New data on the Oxford/AstraZeneca vaccine has suggested that it may have a substantial impact on transmission of COVID-19.
Analyses of PCR positive swabs from the UK population suggests that vaccination may have a substantial effect on transmission of the virus with a 67% reduction in positive swabs among those vaccinated. Data has also demonstrated that the COVID-19 vaccine shows sustained protection of 76% during the three-month interval until the second dose.
The findings have been published in Preprints with The Lancet.
The University of Oxford researchers have revealed that the vaccine efficacy is higher at longer prime-boost intervals, and that a single dose of the vaccine is 76% effective from 22- to up to 90-days post vaccination. They report that the effect of dosing interval on efficacy is pronounced, with vaccine efficacy rising from 54.9% with an interval of less than six weeks to 82.4% when spaced 12 or more weeks apart.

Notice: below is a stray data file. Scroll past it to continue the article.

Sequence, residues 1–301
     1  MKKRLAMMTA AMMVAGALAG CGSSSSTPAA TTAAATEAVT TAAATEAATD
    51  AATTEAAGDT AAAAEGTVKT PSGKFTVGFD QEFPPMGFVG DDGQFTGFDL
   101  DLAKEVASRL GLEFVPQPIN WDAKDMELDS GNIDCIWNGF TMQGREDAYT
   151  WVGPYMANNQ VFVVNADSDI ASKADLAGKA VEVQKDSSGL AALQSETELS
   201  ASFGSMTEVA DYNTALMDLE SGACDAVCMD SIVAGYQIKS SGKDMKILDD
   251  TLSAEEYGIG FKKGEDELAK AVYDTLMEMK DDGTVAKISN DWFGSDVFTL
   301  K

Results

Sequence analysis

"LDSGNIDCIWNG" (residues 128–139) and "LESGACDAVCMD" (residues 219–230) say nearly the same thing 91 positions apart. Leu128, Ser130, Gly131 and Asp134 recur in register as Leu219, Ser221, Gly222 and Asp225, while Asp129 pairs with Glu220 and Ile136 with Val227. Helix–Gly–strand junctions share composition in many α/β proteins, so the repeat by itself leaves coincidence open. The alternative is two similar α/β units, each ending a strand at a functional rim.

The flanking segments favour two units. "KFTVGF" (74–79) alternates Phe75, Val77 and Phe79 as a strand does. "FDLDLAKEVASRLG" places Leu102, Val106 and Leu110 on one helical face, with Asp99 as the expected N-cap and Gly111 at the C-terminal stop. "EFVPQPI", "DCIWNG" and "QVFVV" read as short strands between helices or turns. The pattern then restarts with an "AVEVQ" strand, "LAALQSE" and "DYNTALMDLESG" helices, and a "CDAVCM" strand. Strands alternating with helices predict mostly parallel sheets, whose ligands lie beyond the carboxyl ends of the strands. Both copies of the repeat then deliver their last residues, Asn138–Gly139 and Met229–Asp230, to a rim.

They also detail that a single standard dose of the vaccine is 76% effective at protecting from primary symptomatic COVID-19 for the first 90 days post vaccination, once the immune system has built this protection 22 days after the vaccination, with the protection showing little evidence of waning in this period.
Professor Andrew Pollard, Chief Investigator of the Oxford Vaccine Trial, and co-author, said: “These new data provide an important verification of the interim data that was used by more than 25 regulators including the MHRA and EMA to grant the vaccine emergency use authorisation.
“It also supports the policy recommendation made by the Joint Committee on Vaccination and Immunisation (JCVI) for a 12-week prime-boost interval, as they look for the optimal approach to roll out, and reassures us that people are protected from 22 days after a single dose of the vaccine.”